'A Coalition of the Willing'
Many of the hospitals that participated in the BPCI already had much of the clinical and data infrastructure they needed to pull off the shift, said Kevin Bozic, MD, a surgeon at the University of Texas at Austin. He studies value-based care and orthopedics. Bozic, who is also chair of the school's surgery and perioperative care department, calls those hospitals "a coalition of the willing."
"We figured out we can do this in the places that were prepared," he said. "But what about the places that are not prepared? How are we going to bring them along, because they will just stay in the fee-for- service world forever unless they have some incentive to move."
"Move" might be an understatement. Everyone I talked to about bundled payments offered a long list of clinical and data programs that need to be in place to make this work. Bozic said it took two years to set up the program at UT.
It's not that hospitals don't have their acts together, Franklin said.
"It is a new paradigm," she said. "Your hospital could have a great financial system for monitoring your in-house costs and utilization, but when you are trying to understand the 30- 90-day period, you probably didn't collect the total cost of the nursing home or ER visits. It is very much a new information infrastructure."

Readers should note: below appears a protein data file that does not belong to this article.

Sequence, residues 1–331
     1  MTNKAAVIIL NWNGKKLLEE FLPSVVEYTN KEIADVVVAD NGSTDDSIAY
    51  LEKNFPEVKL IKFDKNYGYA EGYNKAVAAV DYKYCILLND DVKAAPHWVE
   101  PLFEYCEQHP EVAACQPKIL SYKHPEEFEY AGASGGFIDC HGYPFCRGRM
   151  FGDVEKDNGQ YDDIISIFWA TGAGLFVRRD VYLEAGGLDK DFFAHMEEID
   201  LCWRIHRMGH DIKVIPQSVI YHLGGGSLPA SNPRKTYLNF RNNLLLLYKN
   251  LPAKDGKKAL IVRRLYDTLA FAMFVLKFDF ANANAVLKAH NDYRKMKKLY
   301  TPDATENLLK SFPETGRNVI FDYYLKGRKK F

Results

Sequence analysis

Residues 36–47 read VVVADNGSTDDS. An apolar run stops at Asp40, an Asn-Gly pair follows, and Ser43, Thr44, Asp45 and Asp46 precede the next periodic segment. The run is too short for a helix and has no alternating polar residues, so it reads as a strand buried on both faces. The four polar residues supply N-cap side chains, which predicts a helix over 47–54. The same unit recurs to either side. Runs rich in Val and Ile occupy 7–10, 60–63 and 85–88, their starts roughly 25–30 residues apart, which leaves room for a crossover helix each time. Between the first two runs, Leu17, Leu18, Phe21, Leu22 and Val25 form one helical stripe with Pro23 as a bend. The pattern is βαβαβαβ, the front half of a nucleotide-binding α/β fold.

That's something her group is willing to help out with. FORCE-TJR has tracked more than 25,000 patients and their surgeons who are already using an episode management system that includes data on patient reported outcomes (PRO)—one of three measures CMS will use to assess quality. The group offers to use its benchmarks to help hospitals assess their readiness for the new program.
They have lots of competition. The changes brought about by the ACA have birthed an army of consultants willing to help hospitals figure out how to collect and crunch data. Those who offer help on the CJR bundles staffed booths at the American Association of Orthopedic Surgeons meeting. They advertise in publications like this one and have taken to social media to tout their services, which come in the form of remote monitoring, podcasts, software and webinars.
Tinker Ready is a contributing writer at HealthLeaders Media.